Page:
“Simply being in a wheelchair is a health issue. If you’re moving, you’re healthier.”

Michael Bayne with model

Rota Mobility’s models are manufactured at San José’s A&J Precision Sheetmetal, Inc., which is owned and operated by another SJSU grad, Suki Atwal, kinesiology, and his father Amrik. Photo: David Schmitz

Michael Bayne, ’05 Industrial Technology/Business Operations, ’09 MBA/MSC, is a tinkerer. Just like a few other Silicon Valley innovators, he began building prototypes for a new kind of wheelchair in his parents’ garage. He recently founded his company, Rota Mobility, with his father, a local semiconductor entrepreneur.

The inspiration for the “rowing” wheelchair “came from empathy,” says Bayne. His father’s cousin has multiple sclerosis and is in a wheelchair. “He wasn’t getting around much, and when you’re not getting around, your physical health and wellbeing decline.”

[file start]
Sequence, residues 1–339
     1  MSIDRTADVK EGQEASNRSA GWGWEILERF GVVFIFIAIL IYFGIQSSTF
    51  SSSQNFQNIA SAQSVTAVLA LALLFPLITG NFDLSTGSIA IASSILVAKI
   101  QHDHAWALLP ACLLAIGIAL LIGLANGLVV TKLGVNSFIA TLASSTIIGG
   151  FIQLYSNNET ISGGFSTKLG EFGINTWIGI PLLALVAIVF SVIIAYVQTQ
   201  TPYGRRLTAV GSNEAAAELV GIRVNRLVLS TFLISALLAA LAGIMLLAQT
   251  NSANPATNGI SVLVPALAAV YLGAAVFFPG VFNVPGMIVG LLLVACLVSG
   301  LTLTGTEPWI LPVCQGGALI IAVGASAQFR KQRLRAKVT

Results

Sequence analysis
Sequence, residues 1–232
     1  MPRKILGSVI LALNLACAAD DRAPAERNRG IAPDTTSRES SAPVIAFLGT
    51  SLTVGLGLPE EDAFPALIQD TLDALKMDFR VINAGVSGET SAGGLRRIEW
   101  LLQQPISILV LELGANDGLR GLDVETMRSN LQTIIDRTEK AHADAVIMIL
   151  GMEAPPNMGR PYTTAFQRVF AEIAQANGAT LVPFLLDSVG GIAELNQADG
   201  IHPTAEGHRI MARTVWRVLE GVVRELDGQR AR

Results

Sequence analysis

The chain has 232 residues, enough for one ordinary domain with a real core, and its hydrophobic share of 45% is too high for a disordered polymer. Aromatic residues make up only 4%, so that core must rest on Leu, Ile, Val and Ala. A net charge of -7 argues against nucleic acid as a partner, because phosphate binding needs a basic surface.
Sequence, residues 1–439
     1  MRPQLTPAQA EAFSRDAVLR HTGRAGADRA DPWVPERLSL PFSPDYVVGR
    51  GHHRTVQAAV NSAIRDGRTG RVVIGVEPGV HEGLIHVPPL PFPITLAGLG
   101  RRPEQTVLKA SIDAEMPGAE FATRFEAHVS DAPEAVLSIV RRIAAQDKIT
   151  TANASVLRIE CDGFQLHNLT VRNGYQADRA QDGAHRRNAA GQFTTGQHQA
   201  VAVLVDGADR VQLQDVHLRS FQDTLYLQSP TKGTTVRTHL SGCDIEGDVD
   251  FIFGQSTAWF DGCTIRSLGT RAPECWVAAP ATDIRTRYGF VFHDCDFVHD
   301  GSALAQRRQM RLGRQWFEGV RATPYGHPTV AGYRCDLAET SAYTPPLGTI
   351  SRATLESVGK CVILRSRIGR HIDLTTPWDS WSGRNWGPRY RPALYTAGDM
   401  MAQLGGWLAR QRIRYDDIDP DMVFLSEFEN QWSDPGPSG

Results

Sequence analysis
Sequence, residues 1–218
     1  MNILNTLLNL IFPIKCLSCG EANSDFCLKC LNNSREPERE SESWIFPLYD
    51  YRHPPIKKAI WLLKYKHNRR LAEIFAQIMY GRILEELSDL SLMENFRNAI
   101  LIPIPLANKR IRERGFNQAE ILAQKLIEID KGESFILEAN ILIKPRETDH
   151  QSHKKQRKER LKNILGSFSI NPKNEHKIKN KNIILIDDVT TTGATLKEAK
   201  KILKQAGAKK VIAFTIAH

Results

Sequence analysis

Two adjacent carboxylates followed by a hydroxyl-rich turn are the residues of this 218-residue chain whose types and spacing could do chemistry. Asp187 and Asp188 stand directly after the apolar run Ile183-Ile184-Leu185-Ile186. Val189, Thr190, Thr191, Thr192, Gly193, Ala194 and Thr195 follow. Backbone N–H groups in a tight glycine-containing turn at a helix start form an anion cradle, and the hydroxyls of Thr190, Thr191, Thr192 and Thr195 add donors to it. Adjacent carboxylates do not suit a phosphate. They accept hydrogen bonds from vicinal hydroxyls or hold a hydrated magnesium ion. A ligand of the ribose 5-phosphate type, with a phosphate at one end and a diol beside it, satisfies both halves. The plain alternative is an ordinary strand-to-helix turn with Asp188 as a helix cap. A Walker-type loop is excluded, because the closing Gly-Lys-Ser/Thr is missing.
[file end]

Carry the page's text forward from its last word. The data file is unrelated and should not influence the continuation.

The chair’s bio-mechanically efficient and non-injurious push–pull propulsion—which offers both utility and healthy activity—earned him a win at the Neat Ideas Fair as an undergrad. As an alumnus, he used the $10,000 prize from the university’s business plan competition to pay for his prototypes. Manufactured in San José, the latest models are sleek and fun options for getting healthy. An ultra-light wheelchair is great for daily use, “but wheelchair users need their ‘running shoes,’ if you will,” says Bayne. “People in wheelchairs have a hard time going to the park or out for coffee. Our wheelchairs make such activities much easier and accessible for them.”

Rota Mobility Model

 

Read more and see Rota Mobility’s RoTrike, RoChair and RoScooter models in action [VIDEO].

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